yin and yang

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Related to Yin deficiency: Yang deficiency

yin and yang

The opposite but complementary principles of Chinese philosophy incorporated into traditional Chinese medicine. Yin is feminine, dark and negative, Yang masculine, bright and positive. Their interaction and balance is believed to maintain the harmony of the body.
References in periodicals archive ?
After the first update, the causal relationship is inferred: (Exterior, Yin Deficiency) [right arrow] Fire-Heat.
Gender Half-exterior half-interior Cold Fire-heat Gender Yin deficiency Yang deficiency Yang floating Dampness Gender Phlegm External wind Table 6: Data analysis.
Chen, "Study on the mechanism of denuded tongue coating due to yin deficiency," Chinese Journal of Modern Developments in Traditional Medicine, vol.
Yingshuai, The theory and comparative study between Yang deficiency, and Yin deficiency constitution on metabonomics [Ph.D.
According to "Classification and determination of TCM constitution" published by China Association of Chinese Medicine (CACM) in 2009, the TCM constitution can be classified into nine basic types: balanced, qi deficiency, yang deficiency, yin deficiency, phlegm-dampness, damp-heat, blood stasis, qi stagnation, and allergic constitution.
In the training dataset, 273 patients showed qi deficiency of spleen and kidney (QDSK), 66 were with both qi and yin (DBQY), 19 exhibited yang deficiency of spleen and kidney, 8 got yin deficiency of liver and kidney, 3 presented lower energizer damp-heat, and 1 had lung wind-heat.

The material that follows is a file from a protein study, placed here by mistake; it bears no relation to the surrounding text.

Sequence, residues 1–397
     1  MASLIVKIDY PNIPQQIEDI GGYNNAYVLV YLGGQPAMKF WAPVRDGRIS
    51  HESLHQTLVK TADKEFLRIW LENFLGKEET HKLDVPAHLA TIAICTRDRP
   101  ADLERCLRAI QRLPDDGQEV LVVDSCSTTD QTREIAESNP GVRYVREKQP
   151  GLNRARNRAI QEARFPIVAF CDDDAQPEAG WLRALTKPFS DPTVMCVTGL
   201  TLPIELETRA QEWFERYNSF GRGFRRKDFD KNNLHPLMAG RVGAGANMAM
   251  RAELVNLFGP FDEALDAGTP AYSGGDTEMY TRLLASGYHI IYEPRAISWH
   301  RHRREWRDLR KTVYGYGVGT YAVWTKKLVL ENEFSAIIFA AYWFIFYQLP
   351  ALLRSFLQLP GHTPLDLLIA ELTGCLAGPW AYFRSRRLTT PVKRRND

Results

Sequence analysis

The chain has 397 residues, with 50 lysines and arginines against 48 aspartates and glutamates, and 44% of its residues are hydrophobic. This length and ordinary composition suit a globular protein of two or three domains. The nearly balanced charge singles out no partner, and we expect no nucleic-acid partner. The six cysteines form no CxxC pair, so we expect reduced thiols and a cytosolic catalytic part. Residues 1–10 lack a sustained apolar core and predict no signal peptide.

Gan-shen Yin deficiency, one of the major subtypes of Yin deficiency, is very common in primary liver cancer (PLC), diabetes mellitus (DM), and high blood pressure (HBP) patients, which express emaciation, soreness and weakness of the lumbar region, night sweat, dizziness, syrigmus, and so on.
Gao, "Review of hypertension patients with Yin deficiency with yang hyperactivity," Journal of Anhui TCM College, vol.
The classification criteria of syndrome elements were (1) six-excess external contraction: wind, cold, dampness, dryness, and fire; (2) five endogenous qi: internal wind, internal cold, internal dampness, internal dryness, and internal fire; (3) factors related to gas: qi deficiency, qi stagnation, qi block, qi counterflow, qi fall, and qi collapse; (4) factors related to blood: blood deficiency, blood stasis, blood collapse, blood dryness, and bleeding; (5) factors related to yin and yang: yin deficiency, yang deficiency, yin exuberance, and yang hyperactivity; (6) others: poison, excessive fluid, and phlegm turbidity.
In China, each component is used in combination with the others to define the pattern, such as "liver yin deficiency pattern," and is not usually used independently.